GEO AquaWatch: advocating for the importance of sustained and routine water quality monitoring.
Water quality monitoring is the essential foundation of water resources management. Water quality data is needed to anticipate water quality changes, used for examining long-term trends, episodic events (spills), and understanding watershed/water body connections.
Remote sensing is increasingly playing an important role in water quality monitoring as a cost-effective, spatially, and temporally comprehensive tool for observing often highly dynamic water quality conditions in coastal and inland waters. Satellite imagery is also not restricted by political borders and is particularly useful for monitoring data gaps, previously under-sampled and hard-to-access areas, which is a particularly acute problem in several developing countries. These gaps in monitoring needs along with cuts to traditional agency monitoring programs have highlighted the role of new technologies and organizations in gathering water quality data and information.
GEO AquaWatch, the community of practice organization brings together the world’s leading water quality experts, remote sensing specialists, and practitioners with the goal of building a global-scale water quality information service. AquaWatch is part of the Group on Earth Observations (GEO), which is an intergovernmental organization of 105 Member Countries and 129 Participating Organizations working to improve the availability, access and use of Earth Observations for the benefit of society, in our case, water quality.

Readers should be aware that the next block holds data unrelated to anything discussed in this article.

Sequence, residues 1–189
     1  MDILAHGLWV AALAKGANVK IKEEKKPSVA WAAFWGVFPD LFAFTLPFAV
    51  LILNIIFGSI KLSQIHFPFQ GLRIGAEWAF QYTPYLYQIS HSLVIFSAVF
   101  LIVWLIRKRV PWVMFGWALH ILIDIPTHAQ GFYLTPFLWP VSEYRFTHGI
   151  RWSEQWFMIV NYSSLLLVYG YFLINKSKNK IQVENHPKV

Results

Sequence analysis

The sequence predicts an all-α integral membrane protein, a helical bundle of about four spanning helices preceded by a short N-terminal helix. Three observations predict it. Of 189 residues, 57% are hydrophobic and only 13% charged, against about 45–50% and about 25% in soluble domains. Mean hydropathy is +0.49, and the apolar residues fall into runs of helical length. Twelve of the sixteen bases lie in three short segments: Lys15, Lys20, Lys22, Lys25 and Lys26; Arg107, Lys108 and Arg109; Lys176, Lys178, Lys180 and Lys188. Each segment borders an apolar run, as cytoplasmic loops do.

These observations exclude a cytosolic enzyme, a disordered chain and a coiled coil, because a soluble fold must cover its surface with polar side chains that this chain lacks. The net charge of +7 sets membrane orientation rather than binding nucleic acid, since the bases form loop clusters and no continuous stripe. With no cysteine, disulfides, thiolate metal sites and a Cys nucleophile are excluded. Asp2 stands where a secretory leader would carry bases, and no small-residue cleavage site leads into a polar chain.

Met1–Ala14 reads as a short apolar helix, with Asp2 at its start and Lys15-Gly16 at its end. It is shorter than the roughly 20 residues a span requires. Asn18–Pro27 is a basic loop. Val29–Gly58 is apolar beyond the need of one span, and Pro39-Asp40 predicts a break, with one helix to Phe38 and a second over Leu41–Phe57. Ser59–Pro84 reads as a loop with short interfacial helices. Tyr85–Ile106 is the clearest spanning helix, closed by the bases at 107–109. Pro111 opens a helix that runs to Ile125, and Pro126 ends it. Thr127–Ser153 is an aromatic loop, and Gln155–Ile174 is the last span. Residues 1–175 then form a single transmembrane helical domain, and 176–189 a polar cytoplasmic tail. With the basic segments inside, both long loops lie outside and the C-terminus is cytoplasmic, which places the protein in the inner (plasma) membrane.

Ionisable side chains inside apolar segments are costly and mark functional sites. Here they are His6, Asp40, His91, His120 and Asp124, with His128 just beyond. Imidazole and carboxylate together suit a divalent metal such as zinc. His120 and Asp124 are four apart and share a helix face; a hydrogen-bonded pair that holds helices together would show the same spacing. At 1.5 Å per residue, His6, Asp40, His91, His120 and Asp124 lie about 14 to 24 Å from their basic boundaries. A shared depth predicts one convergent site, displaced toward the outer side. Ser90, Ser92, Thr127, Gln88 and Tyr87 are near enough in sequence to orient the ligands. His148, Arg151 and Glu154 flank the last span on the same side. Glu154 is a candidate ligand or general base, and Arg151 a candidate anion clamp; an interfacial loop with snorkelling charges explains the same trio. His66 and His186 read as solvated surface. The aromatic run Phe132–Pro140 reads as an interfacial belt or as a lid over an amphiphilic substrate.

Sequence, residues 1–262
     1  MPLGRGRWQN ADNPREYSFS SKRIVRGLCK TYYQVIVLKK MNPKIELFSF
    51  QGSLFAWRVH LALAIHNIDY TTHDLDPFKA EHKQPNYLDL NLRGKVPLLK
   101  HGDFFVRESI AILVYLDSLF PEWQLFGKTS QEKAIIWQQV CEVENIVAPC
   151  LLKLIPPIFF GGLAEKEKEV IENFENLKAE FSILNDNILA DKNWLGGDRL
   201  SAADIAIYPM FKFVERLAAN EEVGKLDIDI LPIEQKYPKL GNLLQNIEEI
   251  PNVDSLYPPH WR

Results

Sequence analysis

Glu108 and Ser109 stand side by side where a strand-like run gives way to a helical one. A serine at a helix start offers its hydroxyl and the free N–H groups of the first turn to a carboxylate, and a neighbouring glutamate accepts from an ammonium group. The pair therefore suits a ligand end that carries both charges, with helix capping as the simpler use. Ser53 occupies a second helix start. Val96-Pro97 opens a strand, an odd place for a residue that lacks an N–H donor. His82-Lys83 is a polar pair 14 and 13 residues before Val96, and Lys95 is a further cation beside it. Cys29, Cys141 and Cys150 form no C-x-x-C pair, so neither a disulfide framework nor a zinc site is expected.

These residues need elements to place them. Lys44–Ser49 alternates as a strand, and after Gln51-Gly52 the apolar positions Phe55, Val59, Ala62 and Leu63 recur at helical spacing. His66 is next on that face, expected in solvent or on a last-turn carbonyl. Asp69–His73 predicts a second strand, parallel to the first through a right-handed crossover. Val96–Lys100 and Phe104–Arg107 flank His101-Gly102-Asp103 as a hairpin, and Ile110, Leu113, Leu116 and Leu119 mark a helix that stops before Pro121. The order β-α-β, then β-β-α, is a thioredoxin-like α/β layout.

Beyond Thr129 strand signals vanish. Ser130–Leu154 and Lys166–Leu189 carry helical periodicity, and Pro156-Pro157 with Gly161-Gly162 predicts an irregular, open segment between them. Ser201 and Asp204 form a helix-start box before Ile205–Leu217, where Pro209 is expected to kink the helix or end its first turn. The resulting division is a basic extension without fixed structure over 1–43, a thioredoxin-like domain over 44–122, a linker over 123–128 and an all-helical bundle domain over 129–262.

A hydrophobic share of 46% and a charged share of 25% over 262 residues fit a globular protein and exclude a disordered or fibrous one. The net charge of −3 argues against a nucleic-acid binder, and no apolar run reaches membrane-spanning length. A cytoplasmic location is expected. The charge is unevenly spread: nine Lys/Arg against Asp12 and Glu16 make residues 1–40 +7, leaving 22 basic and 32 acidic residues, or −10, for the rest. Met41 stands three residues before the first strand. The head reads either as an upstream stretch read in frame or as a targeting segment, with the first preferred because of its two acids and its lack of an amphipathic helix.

Formed in 2007, GEO AquaWatch provides a venue for the sharing of best practices and advocating for the importance of sustained and routine water quality monitoring at a global scale.
Some of GEO AquaWatch’s objectives include facilitating effective partnerships between the water quality data producers and providers with the users, integration of in situ and remote sensing data, developing and delivering fit-for-purpose products, improving access to water quality data, and finally, advocating for increased education and capacity building of remote sensing information for water resources management and policy.
If interested in joining a working group or getting involved in AquaWatch, please contact the AquaWatch Secretariat (Merrie-Beth Neely) at [email protected]